— Joe, APANO Arts & Media Project Member

Serve the People
by Karen L. Ishizuka

An important view of the beginnings of the Asian American movement.
— Chisao, APANO Arts & Media Project Member

A Tale for the Time Being
by Ruth Ozeki

In this metafictional novel, the stories of two characters are woven together with poetic and honest descriptions.
— Jillian, APANO Arts & Media Project Member

We Gon' Be Alright
by Jeff Chang

An essential book by a brilliant cultural critic, We Gon’ Be Alright adds much to our current discourse on race and equity with essays on the history of #BlackLivesMatter, the nuances of the #OscarsSoWhite movement, gentrification as seen through what Chang calls “resegregation,” and so much more.
— Toni, APANO Board Member

West of Kabul, East of New York
by Tamim Ansary

No book has ever immersed me so fully in another culture's — and country's — way of seeing the world, something we need now more than ever.
— Jessica, APANO Arts & Media Project Member

Aiiieeeee!: An Anthology of Asian American Writers
by Frank Chin, Jeffery Chan, Lawson Inada, and Shawn Wong

Mandatory reading of the Asian American Movement.
— Chisao, APANO Arts & Media Project Member

Poeta en San Francisco
by Barbara Jane Reyes

An operatic and bilingual tour de force of decolonizing literature, and so inspiring for me to find my own voice!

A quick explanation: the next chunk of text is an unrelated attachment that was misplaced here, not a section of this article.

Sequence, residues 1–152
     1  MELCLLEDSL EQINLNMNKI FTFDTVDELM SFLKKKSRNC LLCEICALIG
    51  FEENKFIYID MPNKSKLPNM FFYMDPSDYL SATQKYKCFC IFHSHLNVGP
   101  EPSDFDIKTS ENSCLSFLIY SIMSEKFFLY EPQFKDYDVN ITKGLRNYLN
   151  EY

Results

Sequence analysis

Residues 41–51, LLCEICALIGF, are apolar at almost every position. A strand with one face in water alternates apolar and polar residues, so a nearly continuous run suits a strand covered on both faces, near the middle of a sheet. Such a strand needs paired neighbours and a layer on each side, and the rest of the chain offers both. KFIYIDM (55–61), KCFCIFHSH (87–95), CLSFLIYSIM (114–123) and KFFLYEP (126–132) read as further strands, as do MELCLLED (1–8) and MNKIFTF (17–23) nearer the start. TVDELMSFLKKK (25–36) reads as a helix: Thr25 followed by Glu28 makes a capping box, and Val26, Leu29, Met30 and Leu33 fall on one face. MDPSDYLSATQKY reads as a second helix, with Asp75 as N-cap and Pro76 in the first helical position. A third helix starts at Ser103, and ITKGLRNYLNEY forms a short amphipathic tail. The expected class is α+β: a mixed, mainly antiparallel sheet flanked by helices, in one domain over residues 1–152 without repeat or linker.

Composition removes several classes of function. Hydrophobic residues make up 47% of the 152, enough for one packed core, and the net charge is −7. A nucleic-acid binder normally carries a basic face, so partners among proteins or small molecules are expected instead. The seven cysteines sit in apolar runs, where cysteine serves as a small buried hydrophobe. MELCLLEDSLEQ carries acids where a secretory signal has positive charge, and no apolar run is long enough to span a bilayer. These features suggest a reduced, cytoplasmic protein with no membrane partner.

— Jake, APANO Arts & Media Project Member

Duran Duran, Imelda Marcos, and Me
by Lorina Mapa

Heartfelt storytelling written and drawn by the author in a unique graphic memoir style, Duran Duran, Imelda Marcos, and Me is about the author's experience as an American Filipino immigrant who goes back to the Philippines for her father's funeral. The story goes back and forth between contemporary times and the ’80s. Even includes a ’80s discography!
— Toni, APANO Board Member

Overpour
by Jane Wong

This is poetry with raw edges, burnt tongues, and crystalline memories, all delivered with a punch to the gut. I felt Wong's words ripple through my very body — read and feel them roar!
— Candace, APANO Staff Member

America Is in the Heart
by Carlos Bulosan

It is the Grapes of Wrath for Filipino Americans. It details the struggle of immigrants wanting a place in America and shows how to be active in the creation of an America for all.
— Oliver, APANO Arts & Media Project Member

Pouliuli
by Albert Wendt

In this book, Wendt crafts a story true to the experiences of Samoan cultural norms and values, and to the experience of Samoan diaspora in New Zealand.
— Lilian, APANO Arts & Media Project Member

The Undisputed Greatest Writer of All Time
by Beau Sia

Vulnerable and raw, with all of the emotions a person can feel over years of contemplation
— Jillian, APANO Arts & Media Project Member

Arrival
by Ted Chiang

Ted Chiang's stories are beautiful, clever, haunting... tales that will stick with you for days. This collection includes “Stories of Your Life and Others,” which formed the basis for the movie Arrival; each story in the collection is just as good.
— Jessica, APANO Arts & Media Project Member

APANO:2020

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Introducing… Virtualandia!

Benson Poetry Slam and #Virtualandia!

 All are welcome!

You can join the  Poetry Slam Club Google Classroom with code bxm3cwv .